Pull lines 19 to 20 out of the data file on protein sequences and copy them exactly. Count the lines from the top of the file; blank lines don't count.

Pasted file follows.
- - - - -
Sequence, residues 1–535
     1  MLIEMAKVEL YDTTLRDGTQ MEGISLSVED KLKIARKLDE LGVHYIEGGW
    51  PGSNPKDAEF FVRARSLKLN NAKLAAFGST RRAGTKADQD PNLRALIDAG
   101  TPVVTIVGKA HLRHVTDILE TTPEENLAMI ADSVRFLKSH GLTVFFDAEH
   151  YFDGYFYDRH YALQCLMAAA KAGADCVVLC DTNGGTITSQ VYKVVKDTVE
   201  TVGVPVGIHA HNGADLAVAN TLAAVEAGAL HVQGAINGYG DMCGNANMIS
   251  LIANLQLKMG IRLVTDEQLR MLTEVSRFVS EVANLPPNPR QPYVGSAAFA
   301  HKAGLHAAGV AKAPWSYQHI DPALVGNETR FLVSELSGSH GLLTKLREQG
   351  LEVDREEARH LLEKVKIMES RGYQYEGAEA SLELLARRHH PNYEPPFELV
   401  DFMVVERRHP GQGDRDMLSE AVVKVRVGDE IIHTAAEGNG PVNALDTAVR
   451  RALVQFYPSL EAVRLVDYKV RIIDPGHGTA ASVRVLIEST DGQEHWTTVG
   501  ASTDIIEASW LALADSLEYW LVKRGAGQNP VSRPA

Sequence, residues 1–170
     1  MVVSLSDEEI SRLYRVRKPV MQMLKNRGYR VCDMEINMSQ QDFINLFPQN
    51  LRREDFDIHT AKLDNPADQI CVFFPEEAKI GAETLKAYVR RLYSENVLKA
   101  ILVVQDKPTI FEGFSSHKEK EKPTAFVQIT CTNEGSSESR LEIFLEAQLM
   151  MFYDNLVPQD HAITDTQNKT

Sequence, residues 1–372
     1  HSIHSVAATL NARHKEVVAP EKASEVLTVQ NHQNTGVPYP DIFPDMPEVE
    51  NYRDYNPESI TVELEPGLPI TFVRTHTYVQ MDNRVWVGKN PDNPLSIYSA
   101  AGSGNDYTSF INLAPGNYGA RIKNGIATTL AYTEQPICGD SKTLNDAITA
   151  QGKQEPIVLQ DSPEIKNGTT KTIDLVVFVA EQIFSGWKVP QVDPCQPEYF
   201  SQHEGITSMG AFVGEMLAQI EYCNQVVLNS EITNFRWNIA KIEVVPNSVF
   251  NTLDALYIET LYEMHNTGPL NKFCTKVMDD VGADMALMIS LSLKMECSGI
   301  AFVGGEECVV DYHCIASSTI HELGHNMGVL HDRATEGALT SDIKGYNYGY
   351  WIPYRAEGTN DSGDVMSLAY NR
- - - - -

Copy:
     1  HSIHSVAATL NARHKEVVAP EKASEVLTVQ NHQNTGVPYP DIFPDMPEVE
    51  NYRDYNPESI TVELEPGLPI TFVRTHTYVQ MDNRVWVGKN PDNPLSIYSA